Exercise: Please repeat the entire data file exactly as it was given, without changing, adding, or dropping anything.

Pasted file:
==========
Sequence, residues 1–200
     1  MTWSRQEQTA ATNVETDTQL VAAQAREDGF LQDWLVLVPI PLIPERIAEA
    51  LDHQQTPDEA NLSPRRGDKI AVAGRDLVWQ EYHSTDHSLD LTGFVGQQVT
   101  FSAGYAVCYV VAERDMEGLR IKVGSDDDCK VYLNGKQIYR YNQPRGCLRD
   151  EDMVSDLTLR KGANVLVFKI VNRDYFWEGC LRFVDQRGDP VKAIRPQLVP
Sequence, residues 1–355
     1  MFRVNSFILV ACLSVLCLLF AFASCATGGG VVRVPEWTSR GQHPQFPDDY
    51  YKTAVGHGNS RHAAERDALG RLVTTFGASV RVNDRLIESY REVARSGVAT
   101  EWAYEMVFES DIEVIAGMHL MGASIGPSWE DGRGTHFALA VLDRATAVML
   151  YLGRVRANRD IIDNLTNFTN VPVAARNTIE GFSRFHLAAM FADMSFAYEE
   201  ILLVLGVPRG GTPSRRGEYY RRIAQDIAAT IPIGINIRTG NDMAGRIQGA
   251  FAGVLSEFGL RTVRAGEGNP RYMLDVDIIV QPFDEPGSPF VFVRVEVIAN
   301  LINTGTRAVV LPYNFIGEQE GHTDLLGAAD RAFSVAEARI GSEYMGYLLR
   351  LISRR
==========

Sequence, residues 1–200
     1  MTWSRQEQTA ATNVETDTQL VAAQAREDGF LQDWLVLVPI PLIPERIAEA
    51  LDHQQTPDEA NLSPRRGDKI AVAGRDLVWQ EYHSTDHSLD LTGFVGQQVT
   101  FSAGYAVCYV VAERDMEGLR IKVGSDDDCK VYLNGKQIYR YNQPRGCLRD
   151  EDMVSDLTLR KGANVLVFKI VNRDYFWEGC LRFVDQRGDP VKAIRPQLVP
Sequence, residues 1–355
     1  MFRVNSFILV ACLSVLCLLF AFASCATGGG VVRVPEWTSR GQHPQFPDDY
    51  YKTAVGHGNS RHAAERDALG RLVTTFGASV RVNDRLIESY REVARSGVAT
   101  EWAYEMVFES DIEVIAGMHL MGASIGPSWE DGRGTHFALA VLDRATAVML
   151  YLGRVRANRD IIDNLTNFTN VPVAARNTIE GFSRFHLAAM FADMSFAYEE
   201  ILLVLGVPRG GTPSRRGEYY RRIAQDIAAT IPIGINIRTG NDMAGRIQGA
   251  FAGVLSEFGL RTVRAGEGNP RYMLDVDIIV QPFDEPGSPF VFVRVEVIAN
   301  LINTGTRAVV LPYNFIGEQE GHTDLLGAAD RAFSVAEARI GSEYMGYLLR
   351  LISRR